So Scott, why don’t you explain the context of the image? Aren’t you responsible of your blog? What’s your intention of putting the image on “THE SARTORIALIST”?
January 8, 2014 at 1:11 am
This isn’t the first or the last time a shot like this is on The Sartorialist or in my books. My blog is full of portraits of people. This one just happens to be of nomads in Morocco, the process was no different than shooting in Milan or Bali.
January 7, 2014 at 3:01 pm
Thats sad that while we are thinking about fashion there are people that live in this situation.
It´s nice from Scott making us thinking on this.
January 7, 2014 at 3:08 pm
Before commenting, I read about the history of Nomads in the Sahara, being thusly informed kept me from passing a value judgement and enhanced my appreciation of the photo.
January 7, 2014 at 9:13 pm
Ah MM, you’re spot on. We’re all so quick to jump on the bandwagon of judging these subjects with our “Aw how cute!” and “So sad”. We know nothing of their lives. This is a mere glimpse. Even so, it says much about how most of the world, beyond our wealthy First World cities, lives. I’m contemplating how this mother and child might view the life of a Western woman, working 12 hour days in a concrete jungle with her infant child in ‘day care’….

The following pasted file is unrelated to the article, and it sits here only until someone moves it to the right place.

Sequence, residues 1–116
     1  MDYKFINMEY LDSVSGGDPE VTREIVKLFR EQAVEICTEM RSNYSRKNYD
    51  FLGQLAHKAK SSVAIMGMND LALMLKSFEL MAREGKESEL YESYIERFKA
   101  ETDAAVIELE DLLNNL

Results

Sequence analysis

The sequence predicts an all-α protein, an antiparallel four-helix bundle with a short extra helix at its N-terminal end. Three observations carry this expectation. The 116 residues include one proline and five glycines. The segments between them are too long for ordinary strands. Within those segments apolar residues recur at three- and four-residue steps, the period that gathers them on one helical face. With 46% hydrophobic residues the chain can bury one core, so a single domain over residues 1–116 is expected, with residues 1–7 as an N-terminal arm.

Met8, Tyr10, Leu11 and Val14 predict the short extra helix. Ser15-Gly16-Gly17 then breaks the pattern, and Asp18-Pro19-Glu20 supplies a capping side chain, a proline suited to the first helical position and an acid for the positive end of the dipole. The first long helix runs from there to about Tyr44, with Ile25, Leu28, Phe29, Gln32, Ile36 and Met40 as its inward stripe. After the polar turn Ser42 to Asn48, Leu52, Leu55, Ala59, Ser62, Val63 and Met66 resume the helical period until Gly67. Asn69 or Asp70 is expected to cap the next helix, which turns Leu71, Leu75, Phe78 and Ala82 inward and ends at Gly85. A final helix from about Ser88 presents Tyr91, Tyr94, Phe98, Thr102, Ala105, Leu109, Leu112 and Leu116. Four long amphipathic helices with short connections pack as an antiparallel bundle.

January 7, 2014 at 4:32 pm
Would you take a picture of a “western” child in the buff? Most mothers, including myself would be furious at this intrusion. I’m a great fan but this one smacks of Colonialism and arrogance.
January 7, 2014 at 5:07 pm
Hi Sart, you rock! You really have expanded my view of what is beautiful, thank you. It is not a perfect tan, a perfect body or a perfect mix of clothes and accessories. It is the fact that we all are different, from strange lands, with our own heritage and customs. Let’s try and embrace our differences as gifts ! Love always!
January 7, 2014 at 6:08 pm
the steve mccurialist
January 7, 2014 at 8:24 pm
I want to be a daddy!
January 7, 2014 at 10:25 pm
Its not that difficult!
Such a cute little guy.
January 7, 2014 at 9:41 pm
I’ve said it before, I’ll say it again …. and a few people touched on this topic here …. you really do need a separate tab, a travelogue tab … where you capture things with your artistic eye that may have absolutely nothing to do with sartorialism, per se. Your blog has grown so much beyond mere style and fashion; you are capturing the world.